Ethnomedicines have a wide variety of healing strategies. They include magical/religious means as well as mechanical (body manipulation) and biochemical agents and compounds (for example, purgatives, poultices, drugs). Biomedical compounds also may be employed within a folk medical system, where criteria of usage diverge from that of biomedicine. Therapies may integrate biomedical ideas into traditional practices or reconceptualize such ideas in light of local realities, as with folk systems in the U.S. South. Of concern, too, are indigenous preventive measures. These measures take specific, local forms, depending on indigenous etiological theories. Encounters and transactions in the context of healing were central and have renewed interest due to the increasingly sophisticated semantic, narrative, and linguistic analyses in all medical contexts.
The anthropology of biomedicine in the late 1970s and early 1980s permanently altered the perception of biomedicine. The view of it as acultural, rational, and scientific rapidly became unsustainable. The theory and practice of biomedicine is thoroughly cultural and local, with distinct local biologies underlying biomedical research and practice in the West and beyond, as with the notions of “race,” that shape scientific/ medical research and practice. Biomedical theory and practice is also gendered and generally ignores differential social status and its attendant differences in mortality and morbidity and the geography of affliction.
The term ethnomedicine originally included the professional medicines of other cultures, suggesting that these were merely more formalized folk medicines, with rare exception. These professional medicines include Ayurvedic (India), Unani (Middle East), traditional Chinese medicine (TCM), and Kanpo in Japan.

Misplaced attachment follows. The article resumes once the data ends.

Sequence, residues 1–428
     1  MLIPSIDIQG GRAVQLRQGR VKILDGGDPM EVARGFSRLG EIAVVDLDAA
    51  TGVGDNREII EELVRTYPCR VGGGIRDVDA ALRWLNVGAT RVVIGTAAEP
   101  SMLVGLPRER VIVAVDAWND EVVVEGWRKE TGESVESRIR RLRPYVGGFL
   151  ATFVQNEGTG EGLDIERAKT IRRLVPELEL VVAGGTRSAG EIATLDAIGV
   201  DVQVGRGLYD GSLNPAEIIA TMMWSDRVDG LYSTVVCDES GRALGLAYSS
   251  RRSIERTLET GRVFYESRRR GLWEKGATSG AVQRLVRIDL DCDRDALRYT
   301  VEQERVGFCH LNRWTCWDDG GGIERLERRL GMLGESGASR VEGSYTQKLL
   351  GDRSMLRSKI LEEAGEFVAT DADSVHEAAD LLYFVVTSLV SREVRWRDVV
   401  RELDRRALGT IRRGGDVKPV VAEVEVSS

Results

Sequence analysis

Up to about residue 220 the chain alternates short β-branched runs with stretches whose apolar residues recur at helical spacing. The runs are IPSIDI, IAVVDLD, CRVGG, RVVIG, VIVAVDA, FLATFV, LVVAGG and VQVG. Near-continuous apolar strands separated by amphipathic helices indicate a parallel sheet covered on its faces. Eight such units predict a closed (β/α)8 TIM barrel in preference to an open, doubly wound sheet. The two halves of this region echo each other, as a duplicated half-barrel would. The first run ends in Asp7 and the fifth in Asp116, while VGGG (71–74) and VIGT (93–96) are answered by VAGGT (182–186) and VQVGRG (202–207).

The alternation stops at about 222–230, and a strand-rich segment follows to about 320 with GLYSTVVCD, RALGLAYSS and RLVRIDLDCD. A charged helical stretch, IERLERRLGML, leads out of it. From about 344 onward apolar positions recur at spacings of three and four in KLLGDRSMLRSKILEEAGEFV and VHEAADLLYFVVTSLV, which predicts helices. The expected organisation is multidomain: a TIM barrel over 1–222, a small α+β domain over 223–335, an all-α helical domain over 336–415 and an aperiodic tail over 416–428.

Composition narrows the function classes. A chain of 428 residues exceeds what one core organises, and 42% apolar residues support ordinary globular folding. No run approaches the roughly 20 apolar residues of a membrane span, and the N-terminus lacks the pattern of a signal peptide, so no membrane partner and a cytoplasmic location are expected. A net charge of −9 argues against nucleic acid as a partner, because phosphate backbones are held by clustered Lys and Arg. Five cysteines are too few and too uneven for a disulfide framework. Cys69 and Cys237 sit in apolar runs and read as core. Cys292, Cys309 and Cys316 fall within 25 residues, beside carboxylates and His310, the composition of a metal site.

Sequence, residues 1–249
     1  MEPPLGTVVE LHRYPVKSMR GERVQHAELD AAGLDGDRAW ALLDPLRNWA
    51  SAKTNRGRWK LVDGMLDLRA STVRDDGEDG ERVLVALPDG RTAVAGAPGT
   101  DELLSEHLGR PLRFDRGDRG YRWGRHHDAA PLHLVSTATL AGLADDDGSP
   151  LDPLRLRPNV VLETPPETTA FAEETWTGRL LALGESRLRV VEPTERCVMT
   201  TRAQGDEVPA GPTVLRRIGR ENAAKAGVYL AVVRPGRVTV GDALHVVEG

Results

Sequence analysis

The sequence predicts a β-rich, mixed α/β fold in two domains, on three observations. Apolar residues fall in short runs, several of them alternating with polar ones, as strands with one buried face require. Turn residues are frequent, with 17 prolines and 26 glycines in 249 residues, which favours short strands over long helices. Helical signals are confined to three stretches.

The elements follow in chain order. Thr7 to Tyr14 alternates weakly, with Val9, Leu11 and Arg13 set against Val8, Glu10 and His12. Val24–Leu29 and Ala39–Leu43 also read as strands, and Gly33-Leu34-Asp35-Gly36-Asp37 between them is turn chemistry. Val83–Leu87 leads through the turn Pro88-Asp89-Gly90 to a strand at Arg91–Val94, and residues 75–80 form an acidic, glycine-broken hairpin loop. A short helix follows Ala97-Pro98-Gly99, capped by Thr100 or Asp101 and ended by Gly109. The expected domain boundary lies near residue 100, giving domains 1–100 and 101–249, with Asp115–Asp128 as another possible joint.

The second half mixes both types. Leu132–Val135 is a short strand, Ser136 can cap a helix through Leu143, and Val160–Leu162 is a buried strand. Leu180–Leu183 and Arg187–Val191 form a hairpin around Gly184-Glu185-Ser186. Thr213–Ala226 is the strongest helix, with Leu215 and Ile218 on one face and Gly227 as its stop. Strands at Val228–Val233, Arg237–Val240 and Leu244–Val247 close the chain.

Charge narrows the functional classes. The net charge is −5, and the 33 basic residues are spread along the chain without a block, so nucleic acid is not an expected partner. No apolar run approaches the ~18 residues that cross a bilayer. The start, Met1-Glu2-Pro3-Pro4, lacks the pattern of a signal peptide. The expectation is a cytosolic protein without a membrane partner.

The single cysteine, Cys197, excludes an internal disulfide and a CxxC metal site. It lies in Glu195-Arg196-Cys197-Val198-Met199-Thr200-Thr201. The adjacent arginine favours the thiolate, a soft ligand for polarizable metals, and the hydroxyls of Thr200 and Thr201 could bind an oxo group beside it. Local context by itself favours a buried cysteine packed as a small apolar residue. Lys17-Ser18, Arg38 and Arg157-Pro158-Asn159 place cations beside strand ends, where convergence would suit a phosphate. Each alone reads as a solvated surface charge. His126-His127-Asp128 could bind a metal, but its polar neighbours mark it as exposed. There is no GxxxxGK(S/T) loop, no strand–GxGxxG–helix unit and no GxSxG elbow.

Such medicines evidence all of the features that earlier writers suggested distinguished biomedicine from them: dedicated educational institutions, formal curricula, licensing, pharmacopoeia, divisions of labor and specialization, experimentation, change over time, and written texts.
Biomedicine now is seen as one of a number of professional ethnomedicines. Instead of asserting that “we” have (bio)medicine and “they” have ethnomedicine, we now recognize that all medical systems are medicines. Now, issues of difference and power are foci of research in studies of practice as well as the new biomedical technologies and procedures (for example, definitions of death, organ transplantation).
The new ethnomedicine allows us to examine health and illness experientially, phenomenologically, and in terms of social causes of illness and distress and to dispense with the biased implicit suppositions that framed the early medical anthropological gaze on non-Western medicines.